A Frisco Man Built an App That Gathers and Shares Restaurant Health-Inspection Scores
Do health scores matter to you when you're making a dining decision? Maybe if they were easier to find they would. While restaurants in other cities, including New York and L.A., are required to display their scores prominently outside the building, the restaurants in and around Dallas have much more relaxed reporting requirements.
That's one of the reasons Frisco resident Noel Geren is betting that smartphone users will appreciate easier access to these scores. His new app, FoodFumble, makes restaurant health inspection scores available to anyone with an iPhone (and soon Android phones, too). The app displays scores of various formats (some cities use numbers, others letters) and converts them to simple plate icons that are easy to understand.
There are a few caveats, though.
For one, Geren has only set up his app to pull scores from databases in Allen, McKinney, Frisco, Plano, Richardson, Carrollton, Irving and Grayson County. Geren says he's working to add new cities every day, but each city makes the restaurant data available in slightly different ways. Dallas should be available on his app soon, but has a notoriously awful database that's hard to search. Addison doesn't make that data available at all.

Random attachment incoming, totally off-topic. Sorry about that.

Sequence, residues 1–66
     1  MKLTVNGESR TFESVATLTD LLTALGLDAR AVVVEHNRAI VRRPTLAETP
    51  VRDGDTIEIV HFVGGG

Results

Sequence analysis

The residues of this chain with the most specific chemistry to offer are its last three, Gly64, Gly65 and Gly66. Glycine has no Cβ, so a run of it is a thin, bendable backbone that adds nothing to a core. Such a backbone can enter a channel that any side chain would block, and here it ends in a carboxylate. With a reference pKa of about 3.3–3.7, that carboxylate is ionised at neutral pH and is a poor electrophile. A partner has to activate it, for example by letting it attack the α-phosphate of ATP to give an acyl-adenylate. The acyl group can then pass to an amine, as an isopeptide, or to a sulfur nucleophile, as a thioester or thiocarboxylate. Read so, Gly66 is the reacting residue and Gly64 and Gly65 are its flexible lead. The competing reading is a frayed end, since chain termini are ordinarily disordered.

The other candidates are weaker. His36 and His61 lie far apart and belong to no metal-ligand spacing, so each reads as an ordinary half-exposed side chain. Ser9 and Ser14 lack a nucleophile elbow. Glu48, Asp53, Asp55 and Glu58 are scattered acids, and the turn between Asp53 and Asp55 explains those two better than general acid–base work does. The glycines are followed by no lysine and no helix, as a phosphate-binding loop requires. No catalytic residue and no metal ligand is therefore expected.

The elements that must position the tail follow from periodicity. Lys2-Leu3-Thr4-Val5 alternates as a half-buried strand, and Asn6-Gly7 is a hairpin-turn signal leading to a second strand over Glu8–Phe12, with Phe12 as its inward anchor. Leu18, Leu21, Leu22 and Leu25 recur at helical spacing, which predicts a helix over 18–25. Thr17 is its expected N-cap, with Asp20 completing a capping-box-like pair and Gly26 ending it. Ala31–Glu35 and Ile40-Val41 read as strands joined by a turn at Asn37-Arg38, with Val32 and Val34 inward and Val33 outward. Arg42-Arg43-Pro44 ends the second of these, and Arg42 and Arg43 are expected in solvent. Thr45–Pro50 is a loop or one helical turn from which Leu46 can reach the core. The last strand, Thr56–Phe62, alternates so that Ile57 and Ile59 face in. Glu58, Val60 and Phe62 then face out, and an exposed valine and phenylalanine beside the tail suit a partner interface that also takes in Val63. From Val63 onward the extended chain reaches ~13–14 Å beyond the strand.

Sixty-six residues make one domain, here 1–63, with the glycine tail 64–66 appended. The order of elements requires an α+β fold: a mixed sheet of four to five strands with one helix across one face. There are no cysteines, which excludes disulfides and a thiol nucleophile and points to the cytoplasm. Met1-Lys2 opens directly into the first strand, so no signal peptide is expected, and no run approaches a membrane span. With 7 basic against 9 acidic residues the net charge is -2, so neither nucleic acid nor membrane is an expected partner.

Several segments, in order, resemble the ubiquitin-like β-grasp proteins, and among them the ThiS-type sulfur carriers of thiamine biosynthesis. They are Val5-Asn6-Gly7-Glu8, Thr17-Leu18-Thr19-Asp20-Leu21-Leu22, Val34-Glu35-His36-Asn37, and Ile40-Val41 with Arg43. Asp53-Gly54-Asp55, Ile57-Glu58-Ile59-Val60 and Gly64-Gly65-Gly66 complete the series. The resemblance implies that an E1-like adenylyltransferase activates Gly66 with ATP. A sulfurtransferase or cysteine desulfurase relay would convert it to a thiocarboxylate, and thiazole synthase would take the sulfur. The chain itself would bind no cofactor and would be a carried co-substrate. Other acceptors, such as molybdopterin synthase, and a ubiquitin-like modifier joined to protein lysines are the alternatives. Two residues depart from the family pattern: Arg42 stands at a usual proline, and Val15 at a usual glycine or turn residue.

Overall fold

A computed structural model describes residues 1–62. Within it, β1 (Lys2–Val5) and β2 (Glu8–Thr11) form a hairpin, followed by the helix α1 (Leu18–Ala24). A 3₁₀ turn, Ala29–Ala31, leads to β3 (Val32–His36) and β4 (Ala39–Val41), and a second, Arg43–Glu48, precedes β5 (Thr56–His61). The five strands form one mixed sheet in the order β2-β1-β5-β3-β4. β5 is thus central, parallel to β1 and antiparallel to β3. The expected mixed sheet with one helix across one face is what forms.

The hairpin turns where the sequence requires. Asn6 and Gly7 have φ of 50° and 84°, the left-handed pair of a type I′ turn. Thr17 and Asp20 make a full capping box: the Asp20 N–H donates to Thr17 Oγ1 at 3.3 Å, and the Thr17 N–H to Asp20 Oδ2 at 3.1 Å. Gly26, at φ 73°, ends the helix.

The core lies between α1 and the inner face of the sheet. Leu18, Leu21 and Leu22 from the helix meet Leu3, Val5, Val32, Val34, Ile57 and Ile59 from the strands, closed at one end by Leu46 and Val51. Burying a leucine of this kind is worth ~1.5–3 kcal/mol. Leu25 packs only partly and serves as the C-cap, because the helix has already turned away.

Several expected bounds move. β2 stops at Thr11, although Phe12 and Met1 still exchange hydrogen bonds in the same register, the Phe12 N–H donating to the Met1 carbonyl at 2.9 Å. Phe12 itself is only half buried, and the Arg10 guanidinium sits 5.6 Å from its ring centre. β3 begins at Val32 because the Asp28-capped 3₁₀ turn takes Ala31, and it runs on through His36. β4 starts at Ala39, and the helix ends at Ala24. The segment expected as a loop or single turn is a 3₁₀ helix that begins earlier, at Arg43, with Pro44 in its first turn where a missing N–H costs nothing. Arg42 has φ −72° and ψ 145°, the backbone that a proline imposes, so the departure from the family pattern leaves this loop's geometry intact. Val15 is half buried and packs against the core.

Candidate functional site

Geren isn't the first person with the idea to improve access to these scores. Yelp made news when they offered health inspection scores of restaurants in San Francisco earlier this year. At that time the online review site promised New York City and Philadelphia would be the next two cities, but it looks like they've only managed to provide the data for restaurants in Louisville, Kentucky so far.
While some diners may have no interest in a restaurant's health inspection score, there are certainly some diners who would make decisions based on the information, and accessibility is being pushed as a health concern. A 2005 study demonstrated a 13 percent decrease in food-borne illness after L.A. forced its restaurateurs to prominently display their scores. It makes you wonder why cities like Addison wouldn't do everything they can to make that data as available to as many people as possible.
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